Laura Ingalls Wilder spent much of her life traveling with her family as pioneers. She grew up homesteading different farms all over the Midwest. As an adult, she chronicled her journeys in the Little House on the Prairie series. Wildly popular, the children’s series and resulting television show helped romanticize the experiences of the Ingalls family. Many places Laura described in her books have been restored and can still be visited today, helping return a sense of reality to the difficulties pioneers faced.
1. The Laura Ingalls Wilder Museum
Located in Pepin, Wisconsin and run by the Laura Ingalls Wilder Memorial Society, the museum contains exhibits of different period items the Ingalls may have used. Near the museum is the Little House Wayside Cabin. At this location, which is set on three acres of land at Laura’s birthplace, is a recreation of the cabin from Little House in the Big Woods.
2. The Wilder Homestead Museum
Run by the Almanzo & Laura Ingalls Wilder Association in Malone, New York, this site has various artifacts pertaining to the Wilder family, including farm tools, photos, various copies of Farmer Boy, and models of the replica homestead. Also on site is the only structure featured in the Little House series still standing on its original site. The restored Wilder home is displayed as it would have been in the 1800s and features artifacts found during on site archaeological digs. The outbuildings, including the barns, pump house, and hen house, were recreated using Almanzo’s sketches. A one room schoolhouse based off of original plans from the time period can also be found on site.
3. Little House on the Prairie Museum
At this site, located in Independence, Kansas, stand several historical reconstructions of buildings from Laura Ingalls Wilder’s time in Kansas. Each building houses exhibits and artifacts. One building is the Ingalls cabin, which was constructed using specifications given by Laura. Also on site is Charles Ingalls' hand-dug well, the Wayside Post Office—which was built in 1885—and the Sunnyside Schoolhouse, built in 1871.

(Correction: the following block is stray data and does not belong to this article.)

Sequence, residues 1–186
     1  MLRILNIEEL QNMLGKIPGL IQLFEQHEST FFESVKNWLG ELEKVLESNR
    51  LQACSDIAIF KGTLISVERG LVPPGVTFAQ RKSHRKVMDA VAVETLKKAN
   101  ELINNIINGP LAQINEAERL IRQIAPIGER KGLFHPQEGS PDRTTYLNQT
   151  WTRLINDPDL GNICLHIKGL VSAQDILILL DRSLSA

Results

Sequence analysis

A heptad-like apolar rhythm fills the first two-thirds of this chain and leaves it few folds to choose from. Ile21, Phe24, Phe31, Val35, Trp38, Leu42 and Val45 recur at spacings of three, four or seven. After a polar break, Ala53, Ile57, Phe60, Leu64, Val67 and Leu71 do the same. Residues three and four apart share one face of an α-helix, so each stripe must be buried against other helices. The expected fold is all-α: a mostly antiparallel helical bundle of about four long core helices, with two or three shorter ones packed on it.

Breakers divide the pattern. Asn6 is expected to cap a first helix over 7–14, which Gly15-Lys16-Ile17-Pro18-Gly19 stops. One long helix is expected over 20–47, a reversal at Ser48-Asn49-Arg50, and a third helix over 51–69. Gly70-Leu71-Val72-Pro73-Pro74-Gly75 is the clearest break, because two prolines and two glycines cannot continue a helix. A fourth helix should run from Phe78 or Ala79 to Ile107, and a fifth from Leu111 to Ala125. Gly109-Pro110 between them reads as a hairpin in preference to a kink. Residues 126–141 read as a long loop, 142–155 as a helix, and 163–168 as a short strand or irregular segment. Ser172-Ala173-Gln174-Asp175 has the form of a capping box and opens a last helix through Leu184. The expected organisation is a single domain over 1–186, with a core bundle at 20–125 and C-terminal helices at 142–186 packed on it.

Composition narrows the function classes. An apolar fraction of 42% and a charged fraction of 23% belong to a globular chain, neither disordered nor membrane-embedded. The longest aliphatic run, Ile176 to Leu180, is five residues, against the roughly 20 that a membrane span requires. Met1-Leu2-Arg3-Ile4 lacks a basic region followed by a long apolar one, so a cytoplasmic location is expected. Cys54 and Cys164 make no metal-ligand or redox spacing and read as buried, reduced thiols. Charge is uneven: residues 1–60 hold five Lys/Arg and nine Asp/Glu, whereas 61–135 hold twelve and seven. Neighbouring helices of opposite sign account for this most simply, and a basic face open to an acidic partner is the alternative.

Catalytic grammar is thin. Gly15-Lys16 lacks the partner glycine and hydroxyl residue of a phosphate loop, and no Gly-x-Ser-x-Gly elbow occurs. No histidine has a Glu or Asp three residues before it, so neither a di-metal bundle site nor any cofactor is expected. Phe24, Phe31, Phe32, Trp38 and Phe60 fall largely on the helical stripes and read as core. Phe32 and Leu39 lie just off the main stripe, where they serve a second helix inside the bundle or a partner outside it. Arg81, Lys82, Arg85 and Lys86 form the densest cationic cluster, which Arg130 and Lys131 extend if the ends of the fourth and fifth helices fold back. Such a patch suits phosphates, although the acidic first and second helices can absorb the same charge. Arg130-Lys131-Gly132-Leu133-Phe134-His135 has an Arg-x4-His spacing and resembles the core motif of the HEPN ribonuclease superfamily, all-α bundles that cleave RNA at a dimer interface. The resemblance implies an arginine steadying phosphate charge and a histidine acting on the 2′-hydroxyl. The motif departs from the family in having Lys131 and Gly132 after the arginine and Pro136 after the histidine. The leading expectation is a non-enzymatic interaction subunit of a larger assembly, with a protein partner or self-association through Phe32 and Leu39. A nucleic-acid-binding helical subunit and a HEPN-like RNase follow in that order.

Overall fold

4. Laura Ingalls Wilder Park & Museum
The museum in Burr Oak, Iowa, primarily focuses on the time between On the Banks of Plum Creek and By the Shores of Silver Lake. Visitors learn about Laura’s younger siblings and pioneer life in the late 1800s. The Visitor’s Center has exhibits on the history and restoration of the Masters Hotel, which the Ingalls family helped manage after leaving Walnut Grove.
5. Laura Ingalls Wilder Historic Homes
Throughout De Smet, South Dakota, visitors are able to see various buildings from the Little House series and the cemetery where Laura’s parents, sisters, and sons are buried. The buildings available to visit include the Surveyors’ House where the Ingalls lived during the winter of 1879, the First School of De Smet that Carrie and Laura attended, a replica of the Brewster School where Laura taught, and the house Charles Ingalls built where he and Caroline finally settled. Also nearby is the Ingalls Homestead with a variety of interactive activities.
6. Laura Ingalls Wilder Historic Home & Museum
When visiting this site in Mansfield, Missouri, visitors can see both a museum and historic buildings. The Laura Ingalls Wilder - Rose Wilder Lane Museum has exhibits on pioneering history, artifacts belonging to the Ingalls and Wilders, Laura’s manuscripts, and Rose Wilder Lane’s work.
Buildings that can be visited include Rocky Ridge Farm, Laura and Almanzo’s farmhouse, and the Rock House, a more modern home Rose had built for her parents in the late 1920s. Visitors can also walk the Wilder Family Walking Trail, which is currently in the process of being restored.
Interested in learning more about Laura Ingalls Wilder? Here's an excerpt from our post about the historical accuracy of her work:
Historical Accuracy of Little House on the Prairie
"A long time ago, when all the grandfathers and grandmothers of today were little boys and little girls or very small babies, or perhaps not even born, Pa and Ma and Mary and Laura and Baby Carrie left their little house in the Big Woods of Wisconsin."
One of the most beloved opening lines in children’s literature comes from Laura Ingalls Wilder’s third book in the Little House series, Little House on the Prairie. It details the experience of a northern family’s migration in their covered wagon and working the land they eventually call home. From Wisconsin to Kansas to Minnesota, the Wilder family embodies the pioneer spirit carried by many in the late 1800s.
The Little House series has stood the test of time, and continues to enchant young readers today. One question that may come to mind, whether you are opening these books for the first time or revisiting, is whether or not Wilder’s portrayal of frontier life is historically accurate.
Before Wilder wrote the Little House on the Prairiebooks, her intention was to write a memoir called Pioneer Girl. The book was not well received by publishers, and Wilder eventually decided to reformat her memories into a children’s series. Since the story was originally autobiographical in nature, one can be confident that the setting and characters remain very true to reality. Read more >>